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So I've been doing this with Notepad++ but it takes forever. I have a couple thousand files in a folder and need to add some text before and after every line in every file.

Is this even possible in command line?

For example this is a line:

This is my line.

And I want it to turn out like:

<text before>This is my line.<text after>

Any help would be appreciated!

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2 Answers 2

up vote 0 down vote accepted

Untested but should do the trick:

perl -pi -e 's/(.*)/<text before>$1<text after>/' *
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I'm getting this error in cygwin: "bash: perl: command not found" Know of any other solution? Thanks! – user1135462 Nov 1 '12 at 19:21

The following pure native batch script will work, though it is relatively slow.

@echo off
setlocal disableDelayedExpansion
set "prefix=<text before>"
set "suffix=<text after>"
pushd "yourFolder"
for %%F in (*) do (
  >"" (
    for /f "delims=" %%A in ('findstr /n "^" "%%F"') do (
      set "ln=%%A"
      setlocal enableDelayedExpansion
      echo !prefix!!ln:*:=!!suffix!
  move /y "" "%%F" >nul

I have written a hybrid JScript/Batch script that can be used to very efficiently process text files. Using my REPL.BAT utility, the script could be as simple as:

@echo off
pushd "yourFolder"
for %%F in (*) do (
  type "%%F" | repl "^(.*)" "<text before>$1<text after>" >""
  move /y "" "%%F" >nul

The REPL.BAT script should be somewhere in your PATH.

Here is the REPL.BAT script. It is compatible with all modern Windows versions from XP onward. The utility is surprisingly powerful and easy to use, considering how little code there is. Nearly half the script consists of embedded documentation. The documentation can be viewed by typing REPL /? from the command prompt.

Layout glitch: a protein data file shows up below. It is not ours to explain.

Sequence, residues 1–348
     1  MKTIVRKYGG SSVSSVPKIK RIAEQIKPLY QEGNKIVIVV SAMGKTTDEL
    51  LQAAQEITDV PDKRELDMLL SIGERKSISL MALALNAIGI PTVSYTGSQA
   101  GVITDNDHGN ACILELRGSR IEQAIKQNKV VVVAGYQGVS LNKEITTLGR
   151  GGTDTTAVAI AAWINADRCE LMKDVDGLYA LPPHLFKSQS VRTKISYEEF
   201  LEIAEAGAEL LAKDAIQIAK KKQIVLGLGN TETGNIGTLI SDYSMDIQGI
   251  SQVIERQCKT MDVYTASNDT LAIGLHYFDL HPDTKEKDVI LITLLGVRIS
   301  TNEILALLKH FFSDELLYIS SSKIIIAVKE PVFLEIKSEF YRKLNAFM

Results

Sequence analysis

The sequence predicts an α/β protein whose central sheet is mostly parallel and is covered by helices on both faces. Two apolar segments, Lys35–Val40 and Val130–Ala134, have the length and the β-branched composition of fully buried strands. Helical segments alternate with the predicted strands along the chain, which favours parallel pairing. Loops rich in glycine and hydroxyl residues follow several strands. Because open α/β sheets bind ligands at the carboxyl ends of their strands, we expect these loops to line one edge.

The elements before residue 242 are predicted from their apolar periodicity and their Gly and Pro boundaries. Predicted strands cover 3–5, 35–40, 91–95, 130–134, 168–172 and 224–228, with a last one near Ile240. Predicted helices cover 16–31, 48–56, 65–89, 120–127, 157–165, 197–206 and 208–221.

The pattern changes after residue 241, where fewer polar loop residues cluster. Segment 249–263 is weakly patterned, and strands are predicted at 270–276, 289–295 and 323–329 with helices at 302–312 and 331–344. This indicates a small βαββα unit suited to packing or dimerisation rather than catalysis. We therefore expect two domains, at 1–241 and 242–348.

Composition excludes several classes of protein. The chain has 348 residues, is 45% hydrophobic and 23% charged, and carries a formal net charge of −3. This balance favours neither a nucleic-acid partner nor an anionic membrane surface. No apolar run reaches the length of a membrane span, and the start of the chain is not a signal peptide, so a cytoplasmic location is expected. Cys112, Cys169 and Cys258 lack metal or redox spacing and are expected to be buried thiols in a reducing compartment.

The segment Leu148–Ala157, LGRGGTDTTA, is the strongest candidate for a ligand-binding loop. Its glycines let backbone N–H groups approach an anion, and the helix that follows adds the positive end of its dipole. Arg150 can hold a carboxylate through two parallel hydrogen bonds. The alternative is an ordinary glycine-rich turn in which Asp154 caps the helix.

@if (@X)==(@Y) @end /* Harmless hybrid line that begins a JScript comment

::************ Documentation ***********
:::REPL  Search  Replace  [Options  [SourceVar]]
:::REPL  /?
:::  Performs a global search and replace operation on each line of input from
:::  stdin and prints the result to stdout.
:::  Each parameter may be optionally enclosed by double quotes. The double
:::  quotes are not considered part of the argument. The quotes are required
:::  if the parameter contains a batch token delimiter like space, tab, comma,
:::  semicolon. The quotes should also be used if the argument contains a
:::  batch special character like &, |, etc. so that the special character
:::  does not need to be escaped with ^.
:::  If called with a single argument of /? then prints help documentation
:::  to stdout.
:::  Search  - By default this is a case sensitive JScript (ECMA) regular
:::            expression expressed as a string.
:::            JScript syntax documentation is available at
:::  Replace - By default this is the string to be used as a replacement for
:::            each found search expression. Full support is provided for
:::            substituion patterns available to the JScript replace method.